Sleeping in the center of Taipei, director Leon Lee did not have to look far to find the social relevance of the film he was making.
“I was awakened by loud noises which turned out to be Taiwan’s fighter jets scrambling,” Lee recalls. “Prior to that, China’s intimidation and harassment was just a headline in a newspaper, but now this is real.”
Lee is no stranger to the intricacies and transgressions of the Chinese government. A Peabody Award-winning documentarian, he has spent the last eight years creating films about human rights abuses within the country. With his newest film, Lee sets his sights on religious persecution in the heart of Beijing, crafting a character piece in the midst of a dissenting political statement.
Lee’s film, “Unsilenced,” chronicles the Chinese Communist Party’s banning of the spiritual practice Falun Gong in 1999. Based on a true story, the film follows a group of university students and Falun Gong practitioners as they rebel against government directives, misinformation and violent oppression. A steady dissection of propaganda and religious freedom, “Unsilenced” grants Lee the opportunity to balance his critiques of the Chinese government’s practices with humanistic portrayals of struggling citizens. For Lee, the gripping narrative structure and moments of stark reality are required to resonate with a global audience.
“This film is not just for the West,” Lee says. “It’s also for the people of China, including the CCP officials. I want them to see it nodding, realizing it is their life.”
Lee’s film bifurcates its narrative to focus on both Western and Eastern perspectives. In addition to the quartet of students at the center of the film, an American journalist finds himself at odds with the Chinese government’s restrictions on speech and religion. The dual story structure, while imperfect, allows the film to interrogate Chinese governing principles from multiple angles, a necessary adjustment for a filmmaker looking to speak out on a grand scale.
“The themes I try to explore in the film go beyond a group of students fighting for their own freedom,” Lee says. “I think it has something to do with the eternal theme of truth versus lies.
Now, we need to ask ourselves, in our society now, do we value the truth? Do we really have the courage to stand up for the truth? Do we hope that we are able to speak the truth when it matters most?”
Despite Lee’s pedigree and the historical implications at the core of “Unsilenced,” the film’s contentious subject matter complicated both production and distribution. The release of “Unsilenced” signals the end of a lengthy production period for Lee and his team, marked by unforeseen obstacles, political strife, and a global pandemic. These hurdles for production were made even more plain as the Taiwanese shooting schedule conflicted with escalating fears in the region.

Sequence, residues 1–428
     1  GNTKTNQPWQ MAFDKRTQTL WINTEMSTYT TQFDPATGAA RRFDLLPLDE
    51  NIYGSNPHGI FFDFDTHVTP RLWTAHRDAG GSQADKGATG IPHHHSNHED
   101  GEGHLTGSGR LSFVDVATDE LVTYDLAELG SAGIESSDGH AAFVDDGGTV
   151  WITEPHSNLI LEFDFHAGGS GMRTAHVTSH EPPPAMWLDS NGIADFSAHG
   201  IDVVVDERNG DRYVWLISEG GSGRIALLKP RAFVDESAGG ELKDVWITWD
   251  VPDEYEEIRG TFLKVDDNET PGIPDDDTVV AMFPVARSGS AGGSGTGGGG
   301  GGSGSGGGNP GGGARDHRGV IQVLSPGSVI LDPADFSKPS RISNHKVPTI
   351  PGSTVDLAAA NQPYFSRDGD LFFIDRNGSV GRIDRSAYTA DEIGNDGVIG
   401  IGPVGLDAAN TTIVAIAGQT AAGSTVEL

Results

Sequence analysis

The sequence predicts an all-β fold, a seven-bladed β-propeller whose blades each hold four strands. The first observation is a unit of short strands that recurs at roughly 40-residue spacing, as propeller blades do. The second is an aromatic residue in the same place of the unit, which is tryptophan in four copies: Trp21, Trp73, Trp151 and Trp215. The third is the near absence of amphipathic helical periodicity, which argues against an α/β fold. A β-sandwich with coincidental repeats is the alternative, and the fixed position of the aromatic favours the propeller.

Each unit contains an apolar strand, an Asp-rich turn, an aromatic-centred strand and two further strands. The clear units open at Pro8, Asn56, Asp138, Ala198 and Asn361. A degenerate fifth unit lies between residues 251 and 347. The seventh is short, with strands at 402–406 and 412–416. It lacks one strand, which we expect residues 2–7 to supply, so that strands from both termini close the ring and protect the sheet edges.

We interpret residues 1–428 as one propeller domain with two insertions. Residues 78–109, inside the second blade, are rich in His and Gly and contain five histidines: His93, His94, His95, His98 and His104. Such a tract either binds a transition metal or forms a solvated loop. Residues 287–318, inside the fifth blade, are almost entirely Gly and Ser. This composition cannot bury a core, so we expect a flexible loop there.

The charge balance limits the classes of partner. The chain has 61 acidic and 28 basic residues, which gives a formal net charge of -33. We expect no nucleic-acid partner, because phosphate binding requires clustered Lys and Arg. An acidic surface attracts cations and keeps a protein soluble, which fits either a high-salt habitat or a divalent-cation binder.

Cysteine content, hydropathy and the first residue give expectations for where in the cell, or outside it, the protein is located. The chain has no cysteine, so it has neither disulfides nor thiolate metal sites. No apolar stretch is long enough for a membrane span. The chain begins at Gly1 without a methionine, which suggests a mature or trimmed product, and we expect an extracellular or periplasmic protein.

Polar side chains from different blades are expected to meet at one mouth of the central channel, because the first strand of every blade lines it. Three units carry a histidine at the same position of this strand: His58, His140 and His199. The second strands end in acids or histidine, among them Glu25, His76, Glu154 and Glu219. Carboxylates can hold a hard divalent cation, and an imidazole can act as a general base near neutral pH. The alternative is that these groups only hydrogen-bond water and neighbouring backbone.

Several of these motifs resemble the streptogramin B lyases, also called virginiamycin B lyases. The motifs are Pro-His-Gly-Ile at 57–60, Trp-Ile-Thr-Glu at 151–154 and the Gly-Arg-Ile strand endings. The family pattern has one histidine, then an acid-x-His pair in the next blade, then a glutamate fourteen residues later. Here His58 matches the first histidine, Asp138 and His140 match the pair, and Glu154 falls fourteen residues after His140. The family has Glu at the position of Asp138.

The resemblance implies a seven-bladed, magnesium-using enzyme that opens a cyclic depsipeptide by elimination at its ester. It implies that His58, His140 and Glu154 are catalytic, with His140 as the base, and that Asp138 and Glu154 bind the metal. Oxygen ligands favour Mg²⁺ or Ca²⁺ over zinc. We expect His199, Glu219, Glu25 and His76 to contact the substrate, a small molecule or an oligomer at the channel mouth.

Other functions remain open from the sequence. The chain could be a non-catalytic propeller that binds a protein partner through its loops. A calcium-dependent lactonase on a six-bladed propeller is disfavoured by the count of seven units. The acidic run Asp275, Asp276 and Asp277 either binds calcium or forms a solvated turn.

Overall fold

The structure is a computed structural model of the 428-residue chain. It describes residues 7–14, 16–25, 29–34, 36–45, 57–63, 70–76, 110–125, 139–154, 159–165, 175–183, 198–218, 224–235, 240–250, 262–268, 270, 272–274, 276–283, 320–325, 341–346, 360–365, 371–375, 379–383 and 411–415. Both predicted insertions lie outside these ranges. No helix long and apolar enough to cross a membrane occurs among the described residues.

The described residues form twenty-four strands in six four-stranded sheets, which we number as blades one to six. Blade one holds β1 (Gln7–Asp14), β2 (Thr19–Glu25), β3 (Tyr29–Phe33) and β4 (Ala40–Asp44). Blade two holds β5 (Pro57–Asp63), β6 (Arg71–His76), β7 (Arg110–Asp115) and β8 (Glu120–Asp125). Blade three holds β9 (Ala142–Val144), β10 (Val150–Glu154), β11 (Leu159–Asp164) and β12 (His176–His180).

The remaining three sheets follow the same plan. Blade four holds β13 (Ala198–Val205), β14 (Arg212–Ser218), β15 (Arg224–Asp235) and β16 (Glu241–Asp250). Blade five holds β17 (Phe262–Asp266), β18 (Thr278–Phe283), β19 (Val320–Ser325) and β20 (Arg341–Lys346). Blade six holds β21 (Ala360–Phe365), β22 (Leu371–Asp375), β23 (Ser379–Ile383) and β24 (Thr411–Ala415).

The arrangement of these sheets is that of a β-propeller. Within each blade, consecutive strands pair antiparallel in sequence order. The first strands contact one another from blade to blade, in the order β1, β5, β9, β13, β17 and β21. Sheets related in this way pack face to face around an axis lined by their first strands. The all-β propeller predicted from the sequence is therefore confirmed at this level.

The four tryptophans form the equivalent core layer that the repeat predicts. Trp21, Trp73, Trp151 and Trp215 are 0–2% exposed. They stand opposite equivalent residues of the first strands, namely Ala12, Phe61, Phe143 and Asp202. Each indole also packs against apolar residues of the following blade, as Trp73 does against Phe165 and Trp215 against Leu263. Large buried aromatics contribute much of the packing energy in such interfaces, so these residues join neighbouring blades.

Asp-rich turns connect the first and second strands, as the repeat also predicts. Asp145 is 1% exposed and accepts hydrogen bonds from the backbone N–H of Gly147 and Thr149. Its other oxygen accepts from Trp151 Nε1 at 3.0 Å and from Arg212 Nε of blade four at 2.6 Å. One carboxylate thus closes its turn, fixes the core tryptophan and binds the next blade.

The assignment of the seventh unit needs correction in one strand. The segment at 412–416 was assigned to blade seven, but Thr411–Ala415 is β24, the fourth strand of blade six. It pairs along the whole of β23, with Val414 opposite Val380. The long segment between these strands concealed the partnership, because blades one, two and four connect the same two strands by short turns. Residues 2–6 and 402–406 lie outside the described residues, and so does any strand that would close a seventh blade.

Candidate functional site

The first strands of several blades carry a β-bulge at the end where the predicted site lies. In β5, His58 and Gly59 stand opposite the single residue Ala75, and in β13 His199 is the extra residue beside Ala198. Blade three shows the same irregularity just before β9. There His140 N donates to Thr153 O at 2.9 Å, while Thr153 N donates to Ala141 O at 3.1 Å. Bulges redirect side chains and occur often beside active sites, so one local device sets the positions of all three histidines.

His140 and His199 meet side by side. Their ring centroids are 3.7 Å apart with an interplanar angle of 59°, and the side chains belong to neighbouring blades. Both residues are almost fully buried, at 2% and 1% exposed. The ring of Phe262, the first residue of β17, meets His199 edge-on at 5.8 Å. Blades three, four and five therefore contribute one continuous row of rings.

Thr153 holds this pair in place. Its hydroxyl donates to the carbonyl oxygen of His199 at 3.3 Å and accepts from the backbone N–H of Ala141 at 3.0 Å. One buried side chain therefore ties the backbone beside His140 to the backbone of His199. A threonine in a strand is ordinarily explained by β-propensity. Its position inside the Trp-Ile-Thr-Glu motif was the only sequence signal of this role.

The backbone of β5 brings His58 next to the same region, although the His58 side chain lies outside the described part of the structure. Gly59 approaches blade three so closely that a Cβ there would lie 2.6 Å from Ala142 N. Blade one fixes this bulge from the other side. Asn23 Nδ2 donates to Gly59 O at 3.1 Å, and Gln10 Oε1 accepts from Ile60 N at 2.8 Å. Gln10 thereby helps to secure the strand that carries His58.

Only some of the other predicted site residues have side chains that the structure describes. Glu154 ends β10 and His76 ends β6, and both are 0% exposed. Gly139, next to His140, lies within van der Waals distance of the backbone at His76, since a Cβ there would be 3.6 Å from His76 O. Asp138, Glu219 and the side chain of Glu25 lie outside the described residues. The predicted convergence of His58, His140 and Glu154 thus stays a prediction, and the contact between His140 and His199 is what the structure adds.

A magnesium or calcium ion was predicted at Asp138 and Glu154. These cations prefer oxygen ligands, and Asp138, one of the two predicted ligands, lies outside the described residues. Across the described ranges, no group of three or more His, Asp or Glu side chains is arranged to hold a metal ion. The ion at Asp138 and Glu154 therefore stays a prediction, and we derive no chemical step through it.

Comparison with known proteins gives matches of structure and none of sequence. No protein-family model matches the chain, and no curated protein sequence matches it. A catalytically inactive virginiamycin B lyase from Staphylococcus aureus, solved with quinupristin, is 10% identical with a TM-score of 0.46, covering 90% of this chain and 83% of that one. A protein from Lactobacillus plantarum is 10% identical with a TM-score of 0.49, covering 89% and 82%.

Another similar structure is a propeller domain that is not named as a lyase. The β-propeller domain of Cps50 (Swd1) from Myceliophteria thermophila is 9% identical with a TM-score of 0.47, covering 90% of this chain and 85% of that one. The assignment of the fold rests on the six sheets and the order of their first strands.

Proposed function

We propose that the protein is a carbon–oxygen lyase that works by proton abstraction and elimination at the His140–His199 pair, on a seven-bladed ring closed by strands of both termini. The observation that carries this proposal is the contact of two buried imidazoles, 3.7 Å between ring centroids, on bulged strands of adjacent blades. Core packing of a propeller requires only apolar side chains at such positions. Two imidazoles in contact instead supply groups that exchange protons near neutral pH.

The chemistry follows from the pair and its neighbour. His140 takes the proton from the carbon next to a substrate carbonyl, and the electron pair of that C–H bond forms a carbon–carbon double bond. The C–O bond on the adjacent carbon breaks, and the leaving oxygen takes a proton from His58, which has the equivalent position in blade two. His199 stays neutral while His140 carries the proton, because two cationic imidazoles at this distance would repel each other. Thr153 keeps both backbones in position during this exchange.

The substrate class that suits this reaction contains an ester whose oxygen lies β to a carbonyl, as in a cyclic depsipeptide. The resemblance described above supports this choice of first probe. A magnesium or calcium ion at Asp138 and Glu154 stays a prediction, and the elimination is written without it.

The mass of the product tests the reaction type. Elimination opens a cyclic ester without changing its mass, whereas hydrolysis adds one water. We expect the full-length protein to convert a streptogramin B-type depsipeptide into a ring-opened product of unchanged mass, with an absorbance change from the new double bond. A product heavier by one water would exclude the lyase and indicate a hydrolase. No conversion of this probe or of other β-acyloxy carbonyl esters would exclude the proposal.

“I have no doubt the tension contributed to some people’s concerns over the material,” Lee explains. “We had actors who backed off after signing their deal memo because some people went home and explained to their family how dangerous this could be.”
But, for the filmmaker, there is no better outlet in which to relay his message. “I have loved the cinema since I was a little boy,” Lee says. “I experienced firsthand the power of cinema not only in opening people’s eyes but also to affect people emotionally.”
Now, “Unsilenced” must navigate the labyrinth of pandemic-era film distribution. With streaming services shying away from the film for political and monetary concerns, “Unsilenced” is receiving a limited theatrical release in the United States. For Richmonders, the film can be seen at The Byrd Theater on March 12th, followed by a Q&A by video with its director. In Lee’s view, every screening of the film brims with the hope of reaching out to the apathetic and disaffected.
“It’s difficult to ask people to care about things happening far far away that may have no relation to their daily lives,” Lee says. “That’s why, if you can make sure people can resonate with a story, then they’re more likely to take action.”
“Unsilenced” screens at the Byrd Theatre on Saturday, March 12 at 4 p.m. with a live Q&A after the show via video with Peabody Award-winning director, Leon Lee. Tickets are $8. To learn more or buy tickets, go here.